Action Filename Description Size Access License Resource Version
Show more files...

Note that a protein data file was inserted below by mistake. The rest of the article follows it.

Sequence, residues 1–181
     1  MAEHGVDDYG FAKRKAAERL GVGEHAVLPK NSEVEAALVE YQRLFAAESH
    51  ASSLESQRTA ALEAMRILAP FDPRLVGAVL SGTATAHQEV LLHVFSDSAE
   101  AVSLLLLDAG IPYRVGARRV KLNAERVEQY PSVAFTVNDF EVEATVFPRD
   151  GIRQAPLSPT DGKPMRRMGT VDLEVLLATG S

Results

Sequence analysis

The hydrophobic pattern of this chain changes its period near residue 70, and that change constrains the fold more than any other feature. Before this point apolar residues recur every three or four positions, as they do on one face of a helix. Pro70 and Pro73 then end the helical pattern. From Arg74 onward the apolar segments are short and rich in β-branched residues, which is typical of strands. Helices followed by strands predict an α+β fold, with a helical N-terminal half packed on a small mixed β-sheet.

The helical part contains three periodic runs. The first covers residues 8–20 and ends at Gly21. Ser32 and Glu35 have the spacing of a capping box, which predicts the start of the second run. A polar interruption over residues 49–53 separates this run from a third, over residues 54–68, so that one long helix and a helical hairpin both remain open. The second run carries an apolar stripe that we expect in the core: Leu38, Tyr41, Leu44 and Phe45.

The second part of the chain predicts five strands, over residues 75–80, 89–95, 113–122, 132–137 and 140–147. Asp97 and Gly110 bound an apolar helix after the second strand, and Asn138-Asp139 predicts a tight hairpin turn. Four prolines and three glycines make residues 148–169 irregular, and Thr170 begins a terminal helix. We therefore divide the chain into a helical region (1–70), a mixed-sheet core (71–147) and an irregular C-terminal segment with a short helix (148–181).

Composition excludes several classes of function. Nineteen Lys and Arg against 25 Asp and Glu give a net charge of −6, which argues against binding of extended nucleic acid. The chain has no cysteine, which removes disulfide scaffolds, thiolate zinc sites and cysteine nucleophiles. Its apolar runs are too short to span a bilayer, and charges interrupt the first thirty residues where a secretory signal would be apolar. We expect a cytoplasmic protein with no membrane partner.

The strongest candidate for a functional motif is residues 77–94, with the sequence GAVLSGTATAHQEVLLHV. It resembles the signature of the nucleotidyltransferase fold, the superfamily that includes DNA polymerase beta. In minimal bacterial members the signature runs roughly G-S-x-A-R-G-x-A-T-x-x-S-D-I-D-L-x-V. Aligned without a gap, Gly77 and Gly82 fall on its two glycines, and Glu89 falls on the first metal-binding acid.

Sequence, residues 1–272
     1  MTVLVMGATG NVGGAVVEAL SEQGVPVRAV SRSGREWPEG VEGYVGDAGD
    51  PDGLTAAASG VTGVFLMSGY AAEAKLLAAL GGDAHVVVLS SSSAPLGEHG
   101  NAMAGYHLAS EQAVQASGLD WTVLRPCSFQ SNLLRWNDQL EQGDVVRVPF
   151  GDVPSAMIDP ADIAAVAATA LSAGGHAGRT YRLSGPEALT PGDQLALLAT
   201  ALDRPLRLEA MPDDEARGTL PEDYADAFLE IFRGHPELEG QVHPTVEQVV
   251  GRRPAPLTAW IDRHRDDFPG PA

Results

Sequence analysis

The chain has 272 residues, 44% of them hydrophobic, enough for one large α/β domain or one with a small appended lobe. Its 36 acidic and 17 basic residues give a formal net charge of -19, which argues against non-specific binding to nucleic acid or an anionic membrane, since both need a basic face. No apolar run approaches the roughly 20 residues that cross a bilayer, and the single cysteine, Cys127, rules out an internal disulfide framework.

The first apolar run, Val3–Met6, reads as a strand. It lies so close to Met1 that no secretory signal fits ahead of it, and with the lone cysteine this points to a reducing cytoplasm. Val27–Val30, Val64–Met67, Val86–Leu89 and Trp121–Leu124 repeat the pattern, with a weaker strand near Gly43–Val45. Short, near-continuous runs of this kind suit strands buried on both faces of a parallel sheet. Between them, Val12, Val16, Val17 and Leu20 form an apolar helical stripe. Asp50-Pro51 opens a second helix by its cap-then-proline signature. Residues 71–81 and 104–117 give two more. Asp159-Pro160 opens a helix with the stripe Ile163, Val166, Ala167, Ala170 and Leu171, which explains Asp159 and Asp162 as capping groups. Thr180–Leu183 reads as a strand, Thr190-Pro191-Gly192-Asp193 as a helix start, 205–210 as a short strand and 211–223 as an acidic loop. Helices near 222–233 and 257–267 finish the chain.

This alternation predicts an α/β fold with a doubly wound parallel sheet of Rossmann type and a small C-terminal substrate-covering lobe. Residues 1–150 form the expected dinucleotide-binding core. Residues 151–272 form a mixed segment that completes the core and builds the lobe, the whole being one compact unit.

This thesis is intended to contribute to the field of biomechanics of growth and remodeling of arteries. The work focuses particularly on growth and remodeling caused by sustained hypertension, increased blood flow, and ageing. A structure-based constitutive law is employed, which accounts for the elastic and structural properties of the components of the vascular tissue. Analysis of the biomechanical properties of the arterial wall allows for quantification of the developed wall stresses and strains. The dynamics of arterial growth and remodeling is described by appropriate remodeling rate equations. The corner-stone of this theoretical project is, of course, the development of physiologically relevant evolution laws describing the shear stress- and wall stress-induced growth and remodeling of the arterial wall. The model predictions are presented in the form of an introduction, four chapters (four papers) and a conclusion. The introduction begins with the motivation for this project. The link between mechanical load and remodeling in blood vessels follows. The state of the art on theoretical models of arterial remodeling in response to hypertension, changed flow, and ageing is also presented. The first paper presents a novel theoretical model of hypertension-induced arterial remodeling using a structure-based constitutive law. Arterial remodeling in response to sustained hypertension has been previously modeled using a phenomenological strain energy function (SEF), the parameters of which do not bear a clear physiological meaning. Here, we extend the work of Rachev et al. by applying similar evolution laws to a constituent-based SEF, which includes a statistical description for collagen recruitment in load bearing. Remodeling affects the material properties only through changes in the probability density function of collagen engagement. The model simulates the remodeling of a rabbit thoracic aorta and predicts that, at the final adapted hypertensive state, the wall thickness is increased to conserve the baseline value of hoop stress and the lumen radius remains unchanged to preserve the normotensive levels of intimal shear stress. Furthermore, the remodeling of material properties serves to restore the arterial compliance to control levels. The material at the final adapted state is softer than its normotensive counterpart as indicated by the average circumferential stress-strain curves. Model predictions are in good qualitative agreement with experimental data. The novelty in our findings is that biomechanical adaptation leading to maintenance of compliance at the hypertensive state can be perfectly achieved by appropriate readjustment of the collagen engagement profile alone. The second paper addresses a predictive model of arterial remodeling in response to increased flow using a constituent-based SEF. Prior theoretical models of arterial remodeling in response to changes in blood flow were based on the assumption that material properties of the vascular tissue remain unchanged during the remodeling process. Experimental findings show, however, that increased flow causes structural alterations in the elastin resulting in a decrease in its effective elastic stiffness. To account for these effects, we propose a predictive model of arterial remodeling in response to increased flow hypothesizing that the deviation of the intimal shear stress from its baseline value initiates and drives the variation in the mechanical properties of elastin. The mismatch in wall stresses with respect to baseline values drives the changes in the geometrical parameters of the stress-free configuration. A constrained mixture approach is followed and the artery is modeled as a thick-walled cylindrical tube made of nonlinear, elastic, anisotropic and incompressible material. We make use of literature data for a rabbit thoracic aorta. The model predicts that, at the final adapted state, the arterial compliance depends non-monotonically on the magnitude of the flow, which is in agreement with available experimental data in the literature. The third paper expands the model of the first paper in order to include another major aspect of remodeling in a healthy matured vessel: the new mass that is produced during remodeling results from an increase in the mass of smooth muscle cells and collagen fibers. The model also takes into consideration the effect of the average pulsatile strain on collagen fiber engagement in load bearing. Remodeling of a human thoracic aorta was simulated by the model and the results agree well with published model predictions and experimental data. According to the model, the total arterial mass increases fast in the early stages of remodeling and does not vary thereafter, despite any further geometrical changes as well as structural reorganization of the collagen fibers. Furthermore, the perfect or incomplete restoration of the average pulsatile strain at the end of the remodeling process has an impact on the time course of certain parameters of the model such as the opening angle. Future experimental studies on the time variation of compliance, opening angle and mass fractions will validate and improve the introduced hypotheses of the model. In the fourth paper we perform a theoretical study of aortic remodeling in ageing using a constituent-based modeling approach. The model is based on two major hypotheses. First, mechanical fatigue failure in the elastin structure is caused by the pulsatile wall strain and the number of cardiac cycles. The fragmentation of elastin results in an increase in the inner radius at the zero-load state. Second, the accumulation of advanced glycation end products (AGEs) over time increases the cross-linking of collagen fibers making the recruitment of the fibers occur at lower strains and more abruptly. This raises the stiffness of the collagen fiber network. Furthermore, the geometrical remodeling follows the increase in the lumen radius at the load-free configuration and preserves the baseline level of circumferential stress at the inner and outer surface under mean pressure. Additionally, the geometrical changes lead to an increase in the content of collagen fibers, affecting accordingly the mass fractions of elastin and smooth muscle cells. We employ the constituent-based SEF of Zulliger and Stergiopulos in order to verify the results of their curve-fitting study on the elastic and structural properties of the human thoracic aorta. We further monitor the time variation of certain geometrical characteristics. Model results agree well with published experimental data. According to the model, the fragmentation of elastin only affects the geometrical remodeling, with the total arterial mass being increased with increased damage of elastin. With progressed age, elastin contributes less in bearing load, allowing the stiff collagen to lower the arterial compliance and cause a monotonic decrease in the pulsatile strain. Also, the accumulation of AGEs over time impacts on both the material and the geometrical parameters, with the latter being affected at high ages. The net effect is a decrease in the arterial dimensions and mass at high ages due to an increased accumulation of AGEs. Surprisingly, the time course of the mass fractions of the wall components is not affected by the increase or decrease of AGEs, indicating that the geometrical and structural reorganization of the vascular tissue is done in such a way in order to preserve the relative content of the wall constituents. There is a need for more experimental data to support the conclusions of the parametric analysis. The concluding section summarizes the main results of the thesis, presents the improvements made over previous theoretical investigations, emphasizes the need for more experimental data in order to validate and improve the models, and proposes future extensions of the work.